WHILE prices on grains at harvest have been hitting some high levels in recent months, so have the costs of inputs ahead of next year's season.
With China stopping the export of urea, there have been some warnings that supplies may be more difficult to obtain.
There has also been talk of prices increasing four times throughout 2021.
Rabobank senior agricultural analyst Wes Lefroy says while he does not expect urea to be impossible to find, it was likely to be more expensive.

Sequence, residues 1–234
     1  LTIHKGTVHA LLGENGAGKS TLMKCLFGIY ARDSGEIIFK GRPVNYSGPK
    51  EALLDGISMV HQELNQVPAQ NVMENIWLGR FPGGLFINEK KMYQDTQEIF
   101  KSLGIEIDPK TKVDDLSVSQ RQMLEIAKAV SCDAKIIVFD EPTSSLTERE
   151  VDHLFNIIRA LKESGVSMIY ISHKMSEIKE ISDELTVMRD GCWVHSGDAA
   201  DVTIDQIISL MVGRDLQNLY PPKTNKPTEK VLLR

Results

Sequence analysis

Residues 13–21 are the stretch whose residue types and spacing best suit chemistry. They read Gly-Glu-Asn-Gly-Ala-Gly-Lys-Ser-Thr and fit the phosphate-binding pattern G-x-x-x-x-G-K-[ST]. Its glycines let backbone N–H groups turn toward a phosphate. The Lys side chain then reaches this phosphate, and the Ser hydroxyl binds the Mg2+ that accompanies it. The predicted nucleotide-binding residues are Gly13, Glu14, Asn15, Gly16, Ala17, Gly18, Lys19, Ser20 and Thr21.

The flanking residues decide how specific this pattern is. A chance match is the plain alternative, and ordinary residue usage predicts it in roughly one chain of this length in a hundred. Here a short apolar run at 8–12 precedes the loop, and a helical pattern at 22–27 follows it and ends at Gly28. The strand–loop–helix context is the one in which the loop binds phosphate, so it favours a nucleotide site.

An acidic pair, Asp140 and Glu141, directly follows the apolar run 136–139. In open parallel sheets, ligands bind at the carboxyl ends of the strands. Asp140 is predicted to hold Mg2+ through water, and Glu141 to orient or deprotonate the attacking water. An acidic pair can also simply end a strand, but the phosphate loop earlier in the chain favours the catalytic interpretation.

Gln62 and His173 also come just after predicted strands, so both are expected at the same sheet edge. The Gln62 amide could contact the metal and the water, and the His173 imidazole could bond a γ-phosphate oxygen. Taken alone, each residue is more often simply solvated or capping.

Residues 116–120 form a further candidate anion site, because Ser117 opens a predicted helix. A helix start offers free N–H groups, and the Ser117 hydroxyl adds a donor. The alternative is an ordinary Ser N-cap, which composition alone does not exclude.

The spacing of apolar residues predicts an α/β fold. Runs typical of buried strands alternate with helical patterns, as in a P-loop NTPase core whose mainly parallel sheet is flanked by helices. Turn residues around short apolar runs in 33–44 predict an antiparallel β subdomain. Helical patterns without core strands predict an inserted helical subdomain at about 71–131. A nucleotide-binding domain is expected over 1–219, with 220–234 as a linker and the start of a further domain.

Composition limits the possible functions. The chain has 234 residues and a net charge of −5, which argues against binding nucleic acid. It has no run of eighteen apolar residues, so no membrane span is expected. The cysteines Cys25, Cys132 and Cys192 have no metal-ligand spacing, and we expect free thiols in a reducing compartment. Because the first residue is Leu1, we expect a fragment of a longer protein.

"We could see short-term regional shortages as farmers and retailers wait for supplies to arrive, but at this stage there is nothing more systematic than that," he said.
"There has been some international commentary on world urea fertiliser stocks being fairly tight, but equally we've seen one of the most recent tenders from India was over-subscribed by urea manufacturers which isn't likely to happen if there are no stocks about."
He said the biggest test will be from February.
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